¶13 There is no evidence whatever in the record to show that Laurence Harman knew anything about the Sohio well being drilled, or that she knew anything about oil and gas lease activities or any increase in value of leases or royalties around the Harman land. Mrs. Adams testified that she heard her uncle tell Laurence Harman, after he had delivered the deed to her, that he hoped that some day the land would be worth something, and that Laurence Harman told him that they hoped to sell a lease on the land for enough to pay off the mortgage. Mr. Harman did not claim that he advised his niece that one of his sisters had told him to inquire about oil and gas activities and not to deliver the deed if such existed, or if he found that there had been an increase in the value of leases and royalties in that area. He does not claim to have advised her that if such conditions had existed he did not intend to make delivery of the deed as he had previously agreed to do.

¶14 The letter which Laurence Harman wrote to her uncle during October, 1945, in which she offered to buy the 3/5ths interest in the farm, was not introduced in evidence. Mr. Harman testified that he accepted her offer by letter, but that letter had also been lost. If these letters had been in existence, it is possible that they contained sufficient statements to justify the court in holding that they constituted a binding agreement to sell land. The rule is well established that delivery of a deed is one of the necessary elements of a conveyance of title, and we must assume that Thomas F. Harman and his sisters had a legal right to refuse delivery up to December 25, 1945, when delivery was actually made.

¶15 It was claimed by the plaintiffs that a fiduciary relationship existed between Laurence Harman and the plaintiffs.

¶16 This was based largely upon the fact that the bank account was continued in her name after her discharge as administratrix, because the bank was not notified of her discharge. There is no evidence that she made any agreement with any of the other heirs to look after the farm for them after her discharge, and she did little with regard to the farm except to pay the taxes when reminded by her uncle, through the bank, that they were due. We cannot agree that a fiduciary relationship existed between Laurence Harman and the plaintiffs after her discharge as administratrix.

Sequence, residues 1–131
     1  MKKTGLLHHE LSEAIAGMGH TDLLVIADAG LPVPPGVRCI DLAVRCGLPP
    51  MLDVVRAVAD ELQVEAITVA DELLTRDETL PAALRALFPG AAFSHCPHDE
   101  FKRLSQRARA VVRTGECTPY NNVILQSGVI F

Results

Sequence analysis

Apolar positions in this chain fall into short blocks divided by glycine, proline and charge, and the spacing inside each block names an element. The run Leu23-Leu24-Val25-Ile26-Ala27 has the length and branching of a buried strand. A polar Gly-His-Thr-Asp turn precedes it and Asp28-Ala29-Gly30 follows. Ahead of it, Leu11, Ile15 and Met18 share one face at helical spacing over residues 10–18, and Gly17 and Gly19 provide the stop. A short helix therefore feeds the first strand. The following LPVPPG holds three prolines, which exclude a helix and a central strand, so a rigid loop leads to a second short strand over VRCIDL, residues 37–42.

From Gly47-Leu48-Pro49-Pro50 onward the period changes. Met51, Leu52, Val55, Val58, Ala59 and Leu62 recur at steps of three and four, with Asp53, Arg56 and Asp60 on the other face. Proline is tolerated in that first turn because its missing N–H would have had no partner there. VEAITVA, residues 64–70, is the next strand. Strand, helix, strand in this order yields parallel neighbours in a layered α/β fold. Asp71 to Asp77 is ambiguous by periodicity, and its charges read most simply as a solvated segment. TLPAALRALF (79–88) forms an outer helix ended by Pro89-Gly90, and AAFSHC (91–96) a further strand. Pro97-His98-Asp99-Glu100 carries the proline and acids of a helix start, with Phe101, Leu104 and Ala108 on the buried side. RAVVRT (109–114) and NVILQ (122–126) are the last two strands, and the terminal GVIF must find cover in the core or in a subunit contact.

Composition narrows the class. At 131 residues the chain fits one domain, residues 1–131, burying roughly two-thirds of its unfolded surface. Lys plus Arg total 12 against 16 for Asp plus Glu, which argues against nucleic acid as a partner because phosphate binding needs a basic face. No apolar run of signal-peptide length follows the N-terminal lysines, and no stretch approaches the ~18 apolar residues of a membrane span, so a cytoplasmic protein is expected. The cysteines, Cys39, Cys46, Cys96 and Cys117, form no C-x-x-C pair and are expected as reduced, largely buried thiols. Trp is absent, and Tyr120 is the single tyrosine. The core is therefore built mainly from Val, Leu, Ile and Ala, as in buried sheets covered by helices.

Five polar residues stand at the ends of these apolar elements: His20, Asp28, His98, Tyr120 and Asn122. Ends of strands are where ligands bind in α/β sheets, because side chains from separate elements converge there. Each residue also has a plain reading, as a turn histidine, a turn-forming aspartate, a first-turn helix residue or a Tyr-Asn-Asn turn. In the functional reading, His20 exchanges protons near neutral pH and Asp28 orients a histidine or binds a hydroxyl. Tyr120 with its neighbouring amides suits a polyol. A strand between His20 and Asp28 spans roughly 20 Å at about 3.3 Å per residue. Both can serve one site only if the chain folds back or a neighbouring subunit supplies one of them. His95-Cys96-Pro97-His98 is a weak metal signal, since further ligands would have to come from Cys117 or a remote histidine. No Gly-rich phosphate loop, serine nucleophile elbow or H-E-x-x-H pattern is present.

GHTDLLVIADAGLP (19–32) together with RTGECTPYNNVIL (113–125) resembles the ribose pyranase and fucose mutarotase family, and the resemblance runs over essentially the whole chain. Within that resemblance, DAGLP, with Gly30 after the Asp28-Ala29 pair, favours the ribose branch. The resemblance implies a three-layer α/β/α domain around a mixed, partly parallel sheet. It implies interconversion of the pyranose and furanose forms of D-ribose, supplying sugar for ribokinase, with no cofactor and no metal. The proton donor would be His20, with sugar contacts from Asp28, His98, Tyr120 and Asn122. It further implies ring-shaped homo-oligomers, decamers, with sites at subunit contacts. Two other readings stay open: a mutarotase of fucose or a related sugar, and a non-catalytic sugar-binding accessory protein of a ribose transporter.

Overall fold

¶17 The record discloses that during the years 1945 and 1946, leases and royalty in the general vicinity of the Harman land sold at anywhere from $5 to $100 per acre, depending upon the location and the opinion of the purchaser. It is a matter of general knowledge that lease and royalty values are subject to almost instant change. No one, not even an experienced geologist, knows for certain the outcome of a drilling well in wildcat territory. Leases and royalties may be worth thousands of dollars today and nothing tomorrow. The Sohio well was begun in November, 1945. During the next 12 months there was considerable leasing activity around the well, and a number of royalty conveyances were made. The probate records of Garvin county at Pauls Valley disclosed the names and addresses of each of the 21 Harman heirs who owned an interest in the property involved. So far as the record goes, not a single offer to purchase any interest in this land was made, except in 1944 when Laurence Harman received an offer of $5 per acre for a lease, which she promptly communicated to the other Harman heirs, including Thomas F. Harman. One experienced lease broker, who dealt considerably in leases and royalties in that area, testified that he would have nothing to do with the Harman land because the title was mixed up and there were so many heirs, some of whom probably were minors. It is well known that it is difficult to obtain a fair value for oil and gas rights unless a merchantable title can be delivered. When the deed here involved was delivered to Laurence Harman, she asked her uncle about an abstract, and he replied that at the price they were getting they could not afford to furnish an abstract, but that if she were able to lease the land for oil, the oil company would furnish an abstract.